Thursday, August 18, 2005

Rock Star: INXS

A few questions: What do you do if you love watching television, but can't afford cable or a satellite? What if you can only pick up one television station with your antenna? What do you do if that one station is CBS, and their programming mostly consists of crime dramas and reality shows? What if you never liked crime dramas or reality shows?

My answer: You watch CBS and learn to enjoy crime dramas and reality shows. Okay, well I still don't like crime dramas that much (too many cheesy lines) but I have started to enjoy reality shows. My favorite at the moment is Rock Star: INXS, in which a group of young rock star hopefuls compete to be the next lead singer of the band INXS. Right now the show is about halfway through its run, and there are only 7 contestants left.

At the beginning of the show, my favorites were Jordis (female, the youngest contestant, with very distinctive dreadlocked hair) and Ty (male, a theater performer with a mohawk). After a few weeks I lost interest in Ty, and started to root for Marty (male, a blonde who sang great but didn't stand out at the beginning) and MiG (male, the only Australian, and who is apparently friends with Brian May from Queen!). Jordis is the only female performer who stands out to me; the others just don't get me excited.

Of my top 3 at the moment (Jordis, Marty, and MiG) I think I want Marty to win the most. I like his his voice and he seems to fit the best with INXS's style of music. Good luck, Marty!

Thursday, August 11, 2005

The Brothers Grimm

"The Brothers Grimm" movie is to be released August 26. I haven't heard much about it so far, but the premise sounds good. Two medieval brothers, who make a living by harassing villages with fake demons and then charging to "exorcise" them, find themselves confronted with a real supernatural mystery. It's direct by Terry Gilliam, who has made some strange movies over the years. The only one I can remember watching is "Time Bandits"; as far as I can remember I enjoyed it. I've only found one review of "The Brothers Grimm" and they sounded pretty positive about it (the review is here, on another blog - warning, the rest of the blog may be too liberal for some tastes). I wonder how the blogger was able to see the movie so early. Most big-name reviews aren't released until the day of the movie release.

I'm not sure exactly what I find appealing about "The Brothers Grimm." Maybe I'm just a sucker for fantasy (especially fantasy that doesn't take itself too seriously). Hopefully this movie will be good - I really need it to be, after suffering through such a disappointing summer for movies.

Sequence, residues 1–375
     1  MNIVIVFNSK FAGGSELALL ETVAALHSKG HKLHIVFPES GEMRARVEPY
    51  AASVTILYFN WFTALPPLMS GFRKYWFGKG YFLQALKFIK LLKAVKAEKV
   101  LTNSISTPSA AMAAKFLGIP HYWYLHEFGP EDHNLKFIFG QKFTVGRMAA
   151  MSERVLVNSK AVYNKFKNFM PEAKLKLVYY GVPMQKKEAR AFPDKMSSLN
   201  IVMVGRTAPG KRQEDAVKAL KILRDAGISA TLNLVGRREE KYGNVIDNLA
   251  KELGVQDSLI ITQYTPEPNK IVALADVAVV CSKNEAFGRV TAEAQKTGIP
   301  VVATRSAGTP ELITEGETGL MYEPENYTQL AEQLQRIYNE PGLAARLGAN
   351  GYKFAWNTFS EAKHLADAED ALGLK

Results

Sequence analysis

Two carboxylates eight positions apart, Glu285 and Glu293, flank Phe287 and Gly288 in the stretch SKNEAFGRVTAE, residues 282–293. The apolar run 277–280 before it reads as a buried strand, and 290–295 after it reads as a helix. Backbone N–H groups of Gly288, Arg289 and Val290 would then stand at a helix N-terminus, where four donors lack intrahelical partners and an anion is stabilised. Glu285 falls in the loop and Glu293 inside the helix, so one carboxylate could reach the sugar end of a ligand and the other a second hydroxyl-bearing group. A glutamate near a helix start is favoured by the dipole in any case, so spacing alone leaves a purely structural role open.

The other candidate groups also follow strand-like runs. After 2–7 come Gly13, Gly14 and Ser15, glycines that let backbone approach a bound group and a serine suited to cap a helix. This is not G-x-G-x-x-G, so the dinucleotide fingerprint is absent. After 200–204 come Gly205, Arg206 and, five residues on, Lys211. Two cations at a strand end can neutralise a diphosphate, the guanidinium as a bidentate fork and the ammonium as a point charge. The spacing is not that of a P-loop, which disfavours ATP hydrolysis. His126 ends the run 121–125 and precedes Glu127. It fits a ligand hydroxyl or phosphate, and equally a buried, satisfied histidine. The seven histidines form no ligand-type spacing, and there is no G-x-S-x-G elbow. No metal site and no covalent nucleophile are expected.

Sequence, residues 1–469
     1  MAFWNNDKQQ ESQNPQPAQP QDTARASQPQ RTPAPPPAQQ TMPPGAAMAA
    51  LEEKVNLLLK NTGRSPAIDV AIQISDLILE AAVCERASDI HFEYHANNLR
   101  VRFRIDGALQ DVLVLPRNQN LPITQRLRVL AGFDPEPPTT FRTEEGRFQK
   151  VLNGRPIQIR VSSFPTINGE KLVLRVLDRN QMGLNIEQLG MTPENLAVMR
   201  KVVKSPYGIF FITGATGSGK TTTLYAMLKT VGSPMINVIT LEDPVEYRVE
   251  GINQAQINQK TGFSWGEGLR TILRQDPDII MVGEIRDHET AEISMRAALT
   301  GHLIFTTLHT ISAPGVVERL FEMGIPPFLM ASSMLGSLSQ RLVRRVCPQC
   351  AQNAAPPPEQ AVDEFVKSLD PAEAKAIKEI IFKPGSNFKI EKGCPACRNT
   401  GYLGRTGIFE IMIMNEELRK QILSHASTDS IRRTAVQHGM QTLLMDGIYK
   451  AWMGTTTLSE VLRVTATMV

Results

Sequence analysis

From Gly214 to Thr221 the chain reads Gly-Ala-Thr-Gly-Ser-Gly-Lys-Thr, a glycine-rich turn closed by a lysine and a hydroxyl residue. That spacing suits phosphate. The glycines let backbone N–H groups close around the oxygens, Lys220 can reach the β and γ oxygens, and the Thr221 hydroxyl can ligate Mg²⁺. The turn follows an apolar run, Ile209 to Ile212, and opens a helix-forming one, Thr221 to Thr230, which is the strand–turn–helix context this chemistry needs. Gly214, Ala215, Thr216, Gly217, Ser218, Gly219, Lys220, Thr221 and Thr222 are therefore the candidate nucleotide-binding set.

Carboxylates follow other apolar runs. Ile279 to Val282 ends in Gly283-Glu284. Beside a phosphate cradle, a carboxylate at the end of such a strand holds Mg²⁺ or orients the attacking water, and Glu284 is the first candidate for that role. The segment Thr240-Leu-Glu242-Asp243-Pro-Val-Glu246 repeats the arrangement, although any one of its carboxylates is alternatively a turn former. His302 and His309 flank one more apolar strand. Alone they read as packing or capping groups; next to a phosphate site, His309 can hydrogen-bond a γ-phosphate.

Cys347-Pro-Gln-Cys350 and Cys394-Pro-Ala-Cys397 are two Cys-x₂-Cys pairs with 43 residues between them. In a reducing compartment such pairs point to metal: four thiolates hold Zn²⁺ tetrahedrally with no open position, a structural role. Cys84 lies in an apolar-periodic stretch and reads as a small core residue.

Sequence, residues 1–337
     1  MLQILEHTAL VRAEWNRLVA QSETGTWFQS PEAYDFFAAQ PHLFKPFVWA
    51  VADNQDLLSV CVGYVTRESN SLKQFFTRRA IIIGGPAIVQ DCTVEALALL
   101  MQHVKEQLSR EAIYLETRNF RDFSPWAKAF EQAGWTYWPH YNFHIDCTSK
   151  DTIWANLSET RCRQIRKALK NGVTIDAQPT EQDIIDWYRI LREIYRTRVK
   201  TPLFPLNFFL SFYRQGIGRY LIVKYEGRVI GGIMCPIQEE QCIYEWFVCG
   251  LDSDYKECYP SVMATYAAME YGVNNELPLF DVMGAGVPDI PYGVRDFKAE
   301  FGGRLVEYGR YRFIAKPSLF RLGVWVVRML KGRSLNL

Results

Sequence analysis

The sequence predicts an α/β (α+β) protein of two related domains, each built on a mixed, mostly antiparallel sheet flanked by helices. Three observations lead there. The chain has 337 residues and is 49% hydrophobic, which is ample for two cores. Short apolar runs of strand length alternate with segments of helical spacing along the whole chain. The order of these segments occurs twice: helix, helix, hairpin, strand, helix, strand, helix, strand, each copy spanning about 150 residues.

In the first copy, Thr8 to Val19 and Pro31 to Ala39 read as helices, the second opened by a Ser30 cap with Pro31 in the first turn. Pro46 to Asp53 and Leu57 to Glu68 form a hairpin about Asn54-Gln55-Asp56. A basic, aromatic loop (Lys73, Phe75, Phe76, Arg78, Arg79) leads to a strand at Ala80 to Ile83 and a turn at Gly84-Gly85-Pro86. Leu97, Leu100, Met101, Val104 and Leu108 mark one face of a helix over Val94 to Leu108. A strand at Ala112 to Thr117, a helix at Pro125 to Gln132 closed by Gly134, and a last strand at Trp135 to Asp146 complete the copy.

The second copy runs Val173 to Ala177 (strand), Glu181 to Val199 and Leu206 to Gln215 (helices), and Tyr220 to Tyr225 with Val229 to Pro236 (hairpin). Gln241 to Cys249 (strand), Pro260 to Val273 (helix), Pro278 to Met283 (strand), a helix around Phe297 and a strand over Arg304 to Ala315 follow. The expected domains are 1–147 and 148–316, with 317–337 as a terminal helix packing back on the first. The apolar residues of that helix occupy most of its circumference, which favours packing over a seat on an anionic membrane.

Thursday, August 04, 2005

Prudence and "No problem"

In the August 4, 2005 column of "Dear Prudence" (available at, Prudence rails about the use of "No problem" instead of "You're welcome" as a response to "Thank you." She seems to be most annoyed when "No problem" comes from someone who is being paid to serve you, such as a waiter or a sales clerk. Since they are being paid, it shouldn't matter whether anything they were being asked to do was a problem. I disagree with Prudence. I think that "No problem" is just as valid an answer to "Thank you" as "You're welcome."

First of all, I consciously began to use "No problem" instead of "You're welcome." I started doing this while I worked as a student assistant in an office at a university. As part of my job, I was constantly helping people with their computer problems over the telephone. When the problem had been solved, the person would usually say "Thank you." I started out saying "You're welcome" in response. However, this felt awkward to me. It seemed as though I was taking the credit personally for doing something that was part of my job. So I began to respond with "No problem" - as in "It's not a problem; it's part of my job." I don't think that, in the context of doing something that is part of your job, it is rude or inappropriate to respond with "No problem."

I would also like to point out that "No problem" is much like the Spanish statement "de nada." While "de nada" is usually translated as "You're welcome," it's literal translation is "It is nothing." How is saying "It's not a problem" different from saying "It's nothing"? If it's good enough for Spanish, it's good enough for me.

I take comfort in the thought that Prudence probably won't be able to stop people from using "No problem" just by complaining about it. If people who dislike the phrase "No problem" are seriously concerned about rudeness, then they shouldn't respond by saying "I don't care if it was a problem for you!"

(By the way, I really enjoy reading "Dear Prudence." That doesn't mean I can't disagree with her every now and then!)

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